Dominic Kinsley, editor-in-chief of Lifetime Learning Systems, Inc. (LLS) of Stamford, Conn., an educational-consulting firm that produced the guide, says claims made against the guide are exaggerated and that the fictional character, Joadson, is well identified as such.
The guides are a key way Hollywood promotes the legitimacy of movies as teaching tools. That in turn, leads teachers to promote movies to a key demographic group - teens with money, observers say. "What we send is free - so teachers are free to use it or not to," says Dr. Kinsley. But careful marketing lies behind these freebies. The "Amistad" guide was produced for director Stephen Spielberg's DreamWorks SKG. It and other educational companies blitz thousands of teachers with guides on behalf of movie studios.
"If teachers throw it away consistently then we're out of business," Dr. Kinsley, a former teacher, says. "We have to create something valuable to teachers."
Renee Hobs, a professor at Babson College in Wellesley, Mass., who works with teachers integrating media and technology into the K-12 curriculum, says she detects a growing resistance to the study guides.
"This type of opposition is more common in wealthy communities that have lots of resources," she acknowledges. "It's less common to hear teachers in urban schools complain" about the influx of study guides.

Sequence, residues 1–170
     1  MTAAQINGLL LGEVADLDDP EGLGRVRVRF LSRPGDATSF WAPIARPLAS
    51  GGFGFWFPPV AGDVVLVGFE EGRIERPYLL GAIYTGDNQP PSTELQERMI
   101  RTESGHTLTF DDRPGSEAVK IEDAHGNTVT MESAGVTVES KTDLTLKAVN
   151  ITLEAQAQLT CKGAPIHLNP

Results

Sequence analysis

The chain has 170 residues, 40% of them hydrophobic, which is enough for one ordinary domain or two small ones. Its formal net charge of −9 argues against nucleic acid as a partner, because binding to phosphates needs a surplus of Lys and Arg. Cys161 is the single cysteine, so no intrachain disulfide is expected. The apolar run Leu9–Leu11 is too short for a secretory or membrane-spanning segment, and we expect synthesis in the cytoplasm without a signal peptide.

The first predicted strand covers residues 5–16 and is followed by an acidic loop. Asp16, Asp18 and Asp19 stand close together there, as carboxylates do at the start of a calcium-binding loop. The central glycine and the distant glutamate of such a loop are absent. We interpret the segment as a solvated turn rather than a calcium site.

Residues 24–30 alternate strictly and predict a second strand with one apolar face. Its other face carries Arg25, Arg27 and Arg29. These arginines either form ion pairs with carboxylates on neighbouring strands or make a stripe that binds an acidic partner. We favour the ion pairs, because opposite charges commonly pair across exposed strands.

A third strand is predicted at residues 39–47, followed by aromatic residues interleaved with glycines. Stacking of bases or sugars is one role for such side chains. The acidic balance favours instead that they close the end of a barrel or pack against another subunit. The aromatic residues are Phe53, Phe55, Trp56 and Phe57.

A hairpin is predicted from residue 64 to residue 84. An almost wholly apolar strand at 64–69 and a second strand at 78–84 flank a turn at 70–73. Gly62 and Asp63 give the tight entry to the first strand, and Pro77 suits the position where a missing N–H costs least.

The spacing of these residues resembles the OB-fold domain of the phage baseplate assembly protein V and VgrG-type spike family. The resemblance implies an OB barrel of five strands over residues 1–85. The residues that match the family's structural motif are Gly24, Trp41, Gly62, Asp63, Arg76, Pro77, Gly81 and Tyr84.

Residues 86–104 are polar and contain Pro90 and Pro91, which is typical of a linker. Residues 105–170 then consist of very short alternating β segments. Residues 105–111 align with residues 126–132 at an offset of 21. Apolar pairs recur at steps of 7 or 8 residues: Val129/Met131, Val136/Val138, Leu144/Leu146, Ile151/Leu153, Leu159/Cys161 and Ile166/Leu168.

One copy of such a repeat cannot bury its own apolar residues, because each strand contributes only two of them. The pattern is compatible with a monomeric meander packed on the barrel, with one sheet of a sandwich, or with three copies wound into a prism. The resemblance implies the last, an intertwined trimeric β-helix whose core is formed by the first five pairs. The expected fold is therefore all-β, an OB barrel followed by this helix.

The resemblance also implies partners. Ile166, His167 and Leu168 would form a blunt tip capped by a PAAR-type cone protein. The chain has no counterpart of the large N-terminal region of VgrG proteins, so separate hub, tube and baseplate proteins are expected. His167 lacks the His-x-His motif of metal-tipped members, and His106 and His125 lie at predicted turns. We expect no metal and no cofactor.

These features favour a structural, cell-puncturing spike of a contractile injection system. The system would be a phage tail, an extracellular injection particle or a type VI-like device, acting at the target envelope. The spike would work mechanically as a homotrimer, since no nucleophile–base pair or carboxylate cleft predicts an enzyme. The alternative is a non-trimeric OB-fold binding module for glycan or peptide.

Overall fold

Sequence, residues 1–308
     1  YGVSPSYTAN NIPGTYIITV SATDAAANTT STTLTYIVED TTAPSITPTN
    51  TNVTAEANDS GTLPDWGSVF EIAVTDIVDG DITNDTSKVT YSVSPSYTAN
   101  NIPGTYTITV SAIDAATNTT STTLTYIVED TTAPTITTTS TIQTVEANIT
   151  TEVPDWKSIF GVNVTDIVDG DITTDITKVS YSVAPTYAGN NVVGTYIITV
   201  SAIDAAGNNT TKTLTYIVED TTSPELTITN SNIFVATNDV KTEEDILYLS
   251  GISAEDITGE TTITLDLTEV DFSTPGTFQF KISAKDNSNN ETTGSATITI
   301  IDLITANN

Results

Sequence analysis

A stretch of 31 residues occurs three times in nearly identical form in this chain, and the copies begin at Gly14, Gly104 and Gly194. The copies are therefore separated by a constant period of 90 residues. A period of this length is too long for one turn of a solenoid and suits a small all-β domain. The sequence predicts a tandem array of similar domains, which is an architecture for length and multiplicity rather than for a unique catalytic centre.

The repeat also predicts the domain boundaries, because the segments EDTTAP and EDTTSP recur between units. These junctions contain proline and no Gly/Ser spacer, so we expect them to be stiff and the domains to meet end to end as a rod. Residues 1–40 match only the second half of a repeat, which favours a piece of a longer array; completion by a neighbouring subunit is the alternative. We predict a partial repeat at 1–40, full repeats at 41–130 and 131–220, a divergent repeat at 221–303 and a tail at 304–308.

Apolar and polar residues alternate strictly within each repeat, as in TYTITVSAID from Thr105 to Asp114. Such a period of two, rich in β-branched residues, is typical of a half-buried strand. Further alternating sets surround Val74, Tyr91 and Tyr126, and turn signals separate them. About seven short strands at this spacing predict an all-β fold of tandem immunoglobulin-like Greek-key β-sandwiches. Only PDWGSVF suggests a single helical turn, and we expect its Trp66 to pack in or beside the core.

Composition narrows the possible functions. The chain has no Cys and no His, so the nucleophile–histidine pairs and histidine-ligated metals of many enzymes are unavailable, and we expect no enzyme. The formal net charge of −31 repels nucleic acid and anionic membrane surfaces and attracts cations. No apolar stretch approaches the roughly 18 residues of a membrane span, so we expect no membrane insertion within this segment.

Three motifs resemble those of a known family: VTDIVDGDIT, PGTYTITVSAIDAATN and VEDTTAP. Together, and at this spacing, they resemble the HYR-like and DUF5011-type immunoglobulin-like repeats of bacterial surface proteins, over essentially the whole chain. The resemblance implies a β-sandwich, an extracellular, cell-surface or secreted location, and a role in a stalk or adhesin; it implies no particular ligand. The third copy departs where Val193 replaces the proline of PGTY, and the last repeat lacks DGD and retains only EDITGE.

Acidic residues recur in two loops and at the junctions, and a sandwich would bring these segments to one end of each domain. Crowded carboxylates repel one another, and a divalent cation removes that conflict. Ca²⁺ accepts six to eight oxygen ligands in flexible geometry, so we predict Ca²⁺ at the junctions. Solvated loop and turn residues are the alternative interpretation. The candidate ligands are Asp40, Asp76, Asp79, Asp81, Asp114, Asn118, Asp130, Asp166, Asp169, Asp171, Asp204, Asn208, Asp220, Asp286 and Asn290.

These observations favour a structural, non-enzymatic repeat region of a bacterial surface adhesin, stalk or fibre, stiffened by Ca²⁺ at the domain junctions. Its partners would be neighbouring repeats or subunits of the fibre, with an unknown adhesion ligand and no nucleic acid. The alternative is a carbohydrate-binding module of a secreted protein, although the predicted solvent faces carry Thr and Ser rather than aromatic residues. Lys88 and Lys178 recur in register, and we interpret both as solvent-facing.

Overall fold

She is concerned that educators may reject all materials concerning media if they are produced with industry support, instead of reviewing them, evaluating them, and judging them on the merits.
William Roesch, assistant principal at Somerville High School in Somerville, Mass., says the guides do prompt teachers to promote films to kids - but he screens them. He throws many in the trash.
"If you're promoting a movie in the class it does have an impact," he says. "But if kids want to see a movie they can go see it on their own time. I think there's more to teaching than seeing movies."
Jim Landureth, director of Instructional Media Services for the Houston Independent School District, says his district has simply offered a cautionary note. "Our school district has published a warning to teachers cautioning them on the use of entertainment movies. We think there's probably too much use of movies in class."
Anita Holmes is assistant director of education services at Consumers Union. "All sorts of people are trying to get their message to kids via the teacher," she says.
For Ms. Chiesa, the "Amistad" guide gave her a basis to carry on an intelligent conversation about the movie in class without actually having to see it herself.
Chiesa never saw Amistad. So without the guide she would not have been able to steer the discussion to the points she wanted. "It was a great help," she says.
Calling Young Writers
The Monitor will launch a weekly education section next month - and we're looking for contributions from teenage students.
If you're in middle school or high school, send us a short essay on a topic that matters to you: an issue in the news, a book you like, an interesting event at school or in sports - whatever moves you. There's plenty of opportunity! Send contributions to firstname.lastname@example.org, or to Students Write, The Christian Science Monitor, One Norway Street, Boston, MA, 02115.